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Lawyers must lead crusade against corruption —Solanke, SAN

Chief Folake Solanke, the first female Senior Advocate of Nigeria, was called to the Nigerian Bar, 54 years ago. Last Thursday, she chaired an event where former Secretary-General of the Nigerian Bar Association, NBA, Dele Adesina launched a book, New Development in Law and Practice in Nigeria, to mark his 35 years post-call at the Bar, 25 years of establishment of his chambers and 10 years of his decoration as a Senior Advocate of Nigeria. Chief Solanke rendered a thought-provoking speech on how to build a virile Bar and Bench in Nigeria.

*Chief Olufolake Solanke, SAN


Let me start by congratulating the celebrant for this most propitious day of celebrations. I also congratulate Mercy – the celebrant’s charming wife – the family and members of his law chambers. I must also congratulate the one and only learned profession that we can still celebrate events of joy like today’s event despite the notoriety and infamy which now assail and threaten to overwhelm us. Today’s celebrations are testament to the fact that many of us are loyal to our oath to serve God, humanity and uphold the rule of law. And we shall overcome the present imbroglio. “Deo Volente,” despite our detractors. This statement is without prejudice to my personal and professional anguish about the present lamentable situation of our profession.

I am grateful to the celebrant and the entire Dele Adesina & Co for appointing me the Chairman of this propitious occasion. I appreciate the stupendous honour. I applaud the achievements of my learned friend of the Silk – Dele Adesina, SAN- for his three-dimensional celebrations to wit:

-35th year post-call at the Bar;  25 years of the establishment of his reputable Law-chambers; and 10th year of his elevation to the prestigious rank of the Senior Advocate of Nigeria, SAN. These are superb professional achievements. Let us celebrate him. An annual Lecture is being inaugurated today with the title of: Building a Successful Legal Career/Practice.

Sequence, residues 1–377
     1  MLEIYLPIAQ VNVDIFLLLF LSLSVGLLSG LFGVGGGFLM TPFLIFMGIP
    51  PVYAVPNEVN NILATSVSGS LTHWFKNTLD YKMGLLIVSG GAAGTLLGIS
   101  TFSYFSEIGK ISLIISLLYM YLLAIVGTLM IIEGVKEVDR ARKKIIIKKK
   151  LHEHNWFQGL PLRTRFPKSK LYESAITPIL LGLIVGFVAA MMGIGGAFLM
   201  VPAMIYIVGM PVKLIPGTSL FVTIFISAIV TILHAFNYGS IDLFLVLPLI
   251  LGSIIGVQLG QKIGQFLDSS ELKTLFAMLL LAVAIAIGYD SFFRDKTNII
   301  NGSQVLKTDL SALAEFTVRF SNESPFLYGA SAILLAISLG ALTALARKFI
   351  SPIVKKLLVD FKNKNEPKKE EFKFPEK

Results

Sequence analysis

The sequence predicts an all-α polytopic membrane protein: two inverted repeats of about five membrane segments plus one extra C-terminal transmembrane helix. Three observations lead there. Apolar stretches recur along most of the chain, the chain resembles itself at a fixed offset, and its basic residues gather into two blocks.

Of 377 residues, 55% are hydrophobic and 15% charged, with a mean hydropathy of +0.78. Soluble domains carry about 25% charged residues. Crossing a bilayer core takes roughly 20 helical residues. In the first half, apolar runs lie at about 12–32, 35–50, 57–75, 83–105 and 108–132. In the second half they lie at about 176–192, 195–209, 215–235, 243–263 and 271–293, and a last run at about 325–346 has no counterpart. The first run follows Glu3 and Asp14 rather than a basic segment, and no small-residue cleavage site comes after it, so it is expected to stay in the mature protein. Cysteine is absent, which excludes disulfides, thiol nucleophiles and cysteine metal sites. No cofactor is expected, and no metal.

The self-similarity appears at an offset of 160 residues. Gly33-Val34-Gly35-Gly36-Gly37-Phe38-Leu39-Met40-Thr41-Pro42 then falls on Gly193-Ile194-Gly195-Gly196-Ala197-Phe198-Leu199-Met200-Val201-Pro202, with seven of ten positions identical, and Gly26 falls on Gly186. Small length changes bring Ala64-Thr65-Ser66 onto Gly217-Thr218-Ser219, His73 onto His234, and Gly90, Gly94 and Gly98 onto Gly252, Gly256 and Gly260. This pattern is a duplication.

I welcome the underlying concept of the well-formulated title which focuses on the celebrant’s determination to help and encourage young lawyers to persevere in order to succeed in the one and only learned profession. In my own personal experience of 54 years at the Bar, with 36 years as the first female Senior Advocate of Nigeria, with all due respect to all other noble professions, the law is the best profession on earth.

The annual lecture will stimulate public and intellectual discourse.

Thus, it is admirable that the celebrant is very conscious of the need to engage  in corporate social responsibility because no professional can succeed without the patronage of the members of the society.  Now, as a consequence of my testimony, as Prosecution witness No.2, at the Old Bailey – the Central Criminal Court in London – in 1957, I was challenged to read law. Iwas then a resident teacher of Latin and Mathematics in a fee-paying public school, England. Thus, I am still very fond of the teaching profession. We need teachers and the other professions. However, I am extremely enamoured of the law.